• The Geyer Performing Arts Center unveils on-line ticket purchasing.
• Senior Tommy Szatkowski is selected to play in an all-star basketball weekend against players from Pennsylvania, Maryland and New Jersey.
• Parents speak on behalf of Southmoreland teachers in front of the school board as negotiations continue on a new contract for the teachers.
• Austin Griffiths finishes third in the PIAA tournament at 106 pounds.
• Representatives of Connellsville, Mt. Pleasant, Scottdale, Everson and South Connellsville gather for the G5 summit.
• Southmoreland's in-line hockey team captures the Pennsylvania In-Line Roller Hockey League Championship by beating Penn-Trafford, 3-2 and 7-2, in a best-of-three championship round.
• Southmoreland School Board gathers public input on a budget. At the time, the district faced a $1 million deficit.
• Aquion Energy Inc. accepts more than $13 million in incentives to locate its battery manufacturing operations in the former Sony television assembly plant.
• Former Scottdale resident Maj. Jonathan Bell receives the prestigious Octavius V. Catto medal. The Chaplain of the Pittsburgh-based 171st Air Refueling Wing was the first Pennsylvania Air National Guard recipient.
• Southmoreland teachers and the school board agree on a contract that extends until June 30, 2015.
• The girls volleyball team takes on the Pittsburgh Steelers in a charity volleyball game.
• Duraloy celebrates its 75th year in Scottdale.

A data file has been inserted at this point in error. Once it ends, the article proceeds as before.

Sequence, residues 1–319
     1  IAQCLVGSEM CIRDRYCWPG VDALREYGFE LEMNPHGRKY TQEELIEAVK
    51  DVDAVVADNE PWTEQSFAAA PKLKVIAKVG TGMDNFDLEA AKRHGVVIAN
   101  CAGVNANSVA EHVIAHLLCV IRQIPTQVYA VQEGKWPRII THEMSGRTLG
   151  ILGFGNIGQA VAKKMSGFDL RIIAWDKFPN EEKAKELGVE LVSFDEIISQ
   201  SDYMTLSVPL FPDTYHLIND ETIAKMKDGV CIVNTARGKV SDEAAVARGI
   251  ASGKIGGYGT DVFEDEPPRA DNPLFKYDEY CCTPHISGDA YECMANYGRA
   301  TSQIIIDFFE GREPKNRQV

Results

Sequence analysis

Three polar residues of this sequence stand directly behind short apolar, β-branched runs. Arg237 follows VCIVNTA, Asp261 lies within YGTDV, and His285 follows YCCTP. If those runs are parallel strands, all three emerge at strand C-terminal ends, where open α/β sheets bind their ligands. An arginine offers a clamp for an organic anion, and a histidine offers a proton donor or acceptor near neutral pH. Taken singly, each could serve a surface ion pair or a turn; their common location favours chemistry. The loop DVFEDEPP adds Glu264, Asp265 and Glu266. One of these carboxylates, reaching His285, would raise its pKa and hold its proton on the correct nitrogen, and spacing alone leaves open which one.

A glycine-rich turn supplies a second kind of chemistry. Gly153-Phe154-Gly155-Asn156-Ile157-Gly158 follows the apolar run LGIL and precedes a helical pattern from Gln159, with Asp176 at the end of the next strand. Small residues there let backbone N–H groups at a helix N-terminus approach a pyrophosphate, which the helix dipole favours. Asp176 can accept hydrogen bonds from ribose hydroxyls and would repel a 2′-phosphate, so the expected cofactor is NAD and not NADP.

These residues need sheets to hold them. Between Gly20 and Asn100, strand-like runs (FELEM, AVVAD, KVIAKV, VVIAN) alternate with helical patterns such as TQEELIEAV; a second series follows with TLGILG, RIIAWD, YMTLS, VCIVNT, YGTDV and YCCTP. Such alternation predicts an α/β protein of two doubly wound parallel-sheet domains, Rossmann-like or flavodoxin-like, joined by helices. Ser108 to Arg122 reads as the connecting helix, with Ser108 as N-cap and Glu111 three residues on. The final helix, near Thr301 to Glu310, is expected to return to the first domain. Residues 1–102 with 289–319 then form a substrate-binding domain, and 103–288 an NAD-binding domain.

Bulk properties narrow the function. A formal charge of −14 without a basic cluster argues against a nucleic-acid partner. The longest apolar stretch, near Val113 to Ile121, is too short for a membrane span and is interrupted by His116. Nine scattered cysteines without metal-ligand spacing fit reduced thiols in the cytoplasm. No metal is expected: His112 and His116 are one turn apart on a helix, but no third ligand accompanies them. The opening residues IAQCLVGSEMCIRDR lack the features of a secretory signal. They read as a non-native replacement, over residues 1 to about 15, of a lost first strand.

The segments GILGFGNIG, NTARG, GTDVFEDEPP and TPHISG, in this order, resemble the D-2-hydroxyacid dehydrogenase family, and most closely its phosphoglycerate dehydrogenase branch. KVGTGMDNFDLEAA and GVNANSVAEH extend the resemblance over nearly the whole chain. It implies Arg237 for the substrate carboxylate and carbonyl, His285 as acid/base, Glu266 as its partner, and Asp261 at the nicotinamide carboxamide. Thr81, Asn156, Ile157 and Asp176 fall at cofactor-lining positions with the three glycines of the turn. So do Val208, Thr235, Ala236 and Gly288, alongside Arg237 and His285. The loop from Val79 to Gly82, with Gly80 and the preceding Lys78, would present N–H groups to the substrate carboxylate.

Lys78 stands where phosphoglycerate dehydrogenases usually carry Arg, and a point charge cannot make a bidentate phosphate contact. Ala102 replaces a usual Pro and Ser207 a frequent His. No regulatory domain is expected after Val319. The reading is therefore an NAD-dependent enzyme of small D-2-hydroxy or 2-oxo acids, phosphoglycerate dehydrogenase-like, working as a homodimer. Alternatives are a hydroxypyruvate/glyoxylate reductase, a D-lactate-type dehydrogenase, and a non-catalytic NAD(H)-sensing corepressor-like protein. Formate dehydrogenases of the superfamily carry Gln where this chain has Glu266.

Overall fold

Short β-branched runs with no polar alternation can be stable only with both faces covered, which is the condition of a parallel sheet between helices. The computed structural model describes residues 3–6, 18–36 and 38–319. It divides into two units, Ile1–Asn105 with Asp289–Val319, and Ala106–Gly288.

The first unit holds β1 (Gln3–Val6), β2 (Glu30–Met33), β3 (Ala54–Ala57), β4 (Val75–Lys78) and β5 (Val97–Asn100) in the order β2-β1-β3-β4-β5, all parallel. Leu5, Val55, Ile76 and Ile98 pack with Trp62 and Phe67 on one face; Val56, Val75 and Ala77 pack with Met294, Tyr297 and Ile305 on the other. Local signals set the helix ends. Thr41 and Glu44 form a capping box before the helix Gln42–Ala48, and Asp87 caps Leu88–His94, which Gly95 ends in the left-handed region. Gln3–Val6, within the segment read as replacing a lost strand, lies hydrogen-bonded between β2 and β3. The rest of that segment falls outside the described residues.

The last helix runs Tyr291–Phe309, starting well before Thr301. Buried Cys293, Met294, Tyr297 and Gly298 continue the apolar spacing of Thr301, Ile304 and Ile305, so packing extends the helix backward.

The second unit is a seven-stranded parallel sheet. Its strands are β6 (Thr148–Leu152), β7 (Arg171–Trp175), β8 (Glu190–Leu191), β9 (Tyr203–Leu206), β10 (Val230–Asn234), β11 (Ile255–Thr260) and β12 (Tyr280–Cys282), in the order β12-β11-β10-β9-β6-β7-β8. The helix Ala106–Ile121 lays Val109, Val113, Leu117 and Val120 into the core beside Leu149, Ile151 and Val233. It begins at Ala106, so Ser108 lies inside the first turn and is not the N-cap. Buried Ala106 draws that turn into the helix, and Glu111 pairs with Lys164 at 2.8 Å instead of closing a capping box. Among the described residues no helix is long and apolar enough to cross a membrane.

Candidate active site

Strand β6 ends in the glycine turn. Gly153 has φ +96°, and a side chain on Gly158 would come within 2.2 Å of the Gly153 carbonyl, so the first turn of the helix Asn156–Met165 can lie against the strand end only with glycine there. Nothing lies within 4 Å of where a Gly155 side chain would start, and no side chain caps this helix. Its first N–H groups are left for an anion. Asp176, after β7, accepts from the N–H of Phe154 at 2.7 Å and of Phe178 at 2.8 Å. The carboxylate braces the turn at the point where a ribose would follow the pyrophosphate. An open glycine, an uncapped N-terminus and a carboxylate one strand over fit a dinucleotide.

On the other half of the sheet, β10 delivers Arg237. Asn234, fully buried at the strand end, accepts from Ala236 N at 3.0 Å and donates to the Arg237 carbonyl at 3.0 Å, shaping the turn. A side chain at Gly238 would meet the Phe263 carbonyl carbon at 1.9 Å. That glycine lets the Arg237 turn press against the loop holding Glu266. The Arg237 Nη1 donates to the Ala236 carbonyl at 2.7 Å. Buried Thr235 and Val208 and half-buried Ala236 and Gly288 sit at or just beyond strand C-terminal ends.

• Council holds payment to Building Inspection Underwriters until bills submitted by the company are examined.
• Melissa Carey of Scottdale has her first book, “The Power Awakened,” published.It's the first in the series “Macie's Guide to the Odd, Strange, Bizarre, Unique, Unexplained and Twisted.”
• Southmoreland Baseball League celebrates its 50th anniversary.
Next week — May through August.
Paul Paterra is a staff editor for Trib Total Media. He can be reached at 724-887-6101 or firstname.lastname@example.org.
Show commenting policy
TribLive commenting policy
You are solely responsible for your comments and by using TribLive.com you agree to our Terms of Service.
We moderate comments. Our goal is to provide substantive commentary for a general readership. By screening submissions, we provide a space where readers can share intelligent and informed commentary that enhances the quality of our news and information.
While most comments will be posted if they are on-topic and not abusive, moderating decisions are subjective. We will make them as carefully and consistently as we can. Because of the volume of reader comments, we cannot review individual moderation decisions with readers.
We value thoughtful comments representing a range of views that make their point quickly and politely. We make an effort to protect discussions from repeated comments either by the same reader or different readers.
We follow the same standards for taste as the daily newspaper. A few things we won't tolerate: personal attacks, obscenity, vulgarity, profanity (including expletives and letters followed by dashes), commercial promotion, impersonations, incoherence, proselytizing and SHOUTING. Don't include URLs to Web sites.
We do not edit comments. They are either approved or deleted. We reserve the right to edit a comment that is quoted or excerpted in an article. In this case, we may fix spelling and punctuation.
We welcome strong opinions and criticism of our work, but we don't want comments to become bogged down with discussions of our policies and we will moderate accordingly.
We appreciate it when readers and people quoted in articles or blog posts point out errors of fact or emphasis and will investigate all assertions. But these suggestions should be sent via e-mail. To avoid distracting other readers, we won't publish comments that suggest a correction. Instead, corrections will be made in a blog post or in an article.